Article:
That Sophia, the great-granddaughter of Mary, Queen of Scots, who had lost her head because of her Catholic faith, had now been brought into the succession line to ensure the British crown remained Protestant seemed a fitting end to her family’s twisted history. Sophia’s son George Louis was crowned king of England in 1714 upon the death of Queen Anne. It is from King George I that Queen Elizabeth II is descended.

Far beyond the struggles over one kingdom’s monarchical titles and succession lines, Ms. Goldstone argues in her conclusion that “there was almost no major political, cultural, philosophical, religious, or artistic movement . . . in which the queen of Bohemia and her daughters did not figure prominently.” That’s a big and bold claim, but it is one that she is right to make at the completion of her impressive book. 

Ms. Goldstone, the author or co-author of 10 other well-regarded books of European history, is a thrilling narrator of this complicated history. Yet the achievement of a work like this is not merely its command of a vast and dense web of the past, but also its incredible literary merit. “Daughters of the Winter Queen” is nothing short of page-turning, an exceptional work of scholarship that reads like a favorite novel filled with political intrigue, romantic scandal, and more than one dark-of-night escape.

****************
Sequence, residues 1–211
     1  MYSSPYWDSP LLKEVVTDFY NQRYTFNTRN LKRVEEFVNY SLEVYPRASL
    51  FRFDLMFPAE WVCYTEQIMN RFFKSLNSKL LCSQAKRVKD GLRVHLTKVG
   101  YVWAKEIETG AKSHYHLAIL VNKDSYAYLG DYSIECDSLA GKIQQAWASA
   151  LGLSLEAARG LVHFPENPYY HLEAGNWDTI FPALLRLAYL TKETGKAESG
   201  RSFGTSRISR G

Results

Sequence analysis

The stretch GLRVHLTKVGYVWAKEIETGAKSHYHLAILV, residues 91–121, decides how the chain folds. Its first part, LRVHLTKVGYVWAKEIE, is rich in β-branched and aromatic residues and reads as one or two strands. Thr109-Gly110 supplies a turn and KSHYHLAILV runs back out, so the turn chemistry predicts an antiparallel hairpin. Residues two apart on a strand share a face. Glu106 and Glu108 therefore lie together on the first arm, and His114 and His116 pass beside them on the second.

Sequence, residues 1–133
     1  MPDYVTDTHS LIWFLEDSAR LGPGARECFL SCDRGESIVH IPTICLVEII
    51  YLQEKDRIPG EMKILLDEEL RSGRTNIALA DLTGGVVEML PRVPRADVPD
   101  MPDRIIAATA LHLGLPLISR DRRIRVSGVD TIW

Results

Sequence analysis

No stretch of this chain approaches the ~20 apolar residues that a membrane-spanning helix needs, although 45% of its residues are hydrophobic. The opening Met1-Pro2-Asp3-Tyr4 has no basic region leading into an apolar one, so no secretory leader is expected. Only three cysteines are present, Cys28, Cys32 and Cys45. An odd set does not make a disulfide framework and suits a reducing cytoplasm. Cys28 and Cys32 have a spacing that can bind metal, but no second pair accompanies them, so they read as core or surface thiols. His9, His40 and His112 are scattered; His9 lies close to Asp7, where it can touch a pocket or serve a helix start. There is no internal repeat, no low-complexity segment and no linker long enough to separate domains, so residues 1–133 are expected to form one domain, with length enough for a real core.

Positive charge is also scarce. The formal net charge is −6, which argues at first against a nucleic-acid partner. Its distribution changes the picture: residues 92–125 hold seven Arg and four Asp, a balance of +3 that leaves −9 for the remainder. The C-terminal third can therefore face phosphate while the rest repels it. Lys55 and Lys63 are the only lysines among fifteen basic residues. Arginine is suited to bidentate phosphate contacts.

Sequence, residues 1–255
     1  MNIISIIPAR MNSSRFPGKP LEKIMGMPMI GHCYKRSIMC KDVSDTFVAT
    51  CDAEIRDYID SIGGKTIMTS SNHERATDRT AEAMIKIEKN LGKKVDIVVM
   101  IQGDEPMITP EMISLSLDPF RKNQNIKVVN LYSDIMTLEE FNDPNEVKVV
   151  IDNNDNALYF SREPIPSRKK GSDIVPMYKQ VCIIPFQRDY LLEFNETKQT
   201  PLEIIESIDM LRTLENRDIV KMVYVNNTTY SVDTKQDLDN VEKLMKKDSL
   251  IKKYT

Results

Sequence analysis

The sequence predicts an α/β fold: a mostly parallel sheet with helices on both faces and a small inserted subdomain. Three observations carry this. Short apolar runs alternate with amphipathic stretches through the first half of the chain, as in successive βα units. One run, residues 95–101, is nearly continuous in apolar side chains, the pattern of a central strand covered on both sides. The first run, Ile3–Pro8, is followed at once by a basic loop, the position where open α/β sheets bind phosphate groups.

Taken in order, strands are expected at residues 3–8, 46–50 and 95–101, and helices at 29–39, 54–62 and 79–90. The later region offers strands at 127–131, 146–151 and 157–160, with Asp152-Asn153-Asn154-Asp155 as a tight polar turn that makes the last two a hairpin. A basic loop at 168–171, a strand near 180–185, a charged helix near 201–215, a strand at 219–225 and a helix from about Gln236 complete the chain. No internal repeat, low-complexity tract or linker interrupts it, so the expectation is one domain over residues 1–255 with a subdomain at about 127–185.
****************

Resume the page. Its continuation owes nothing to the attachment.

If you are an Anglophile desperately awaiting season three of “The Crown,” you might at least avail yourself in the meantime of this fascinating account of where the queen’s royal line began.


Neil J. Young is the author of “We Gather Together: The Religious Right and the Problem of Interfaith Politics.” He lives in East Hampton.

Nancy Goldstone lives in Saga­ponack.                                                                                                                                                                                                                                                                                                                                     

Self-portrait of Louise Hollandine as a nun at the abbey in MaubuissonCourtesy of Sotheby’s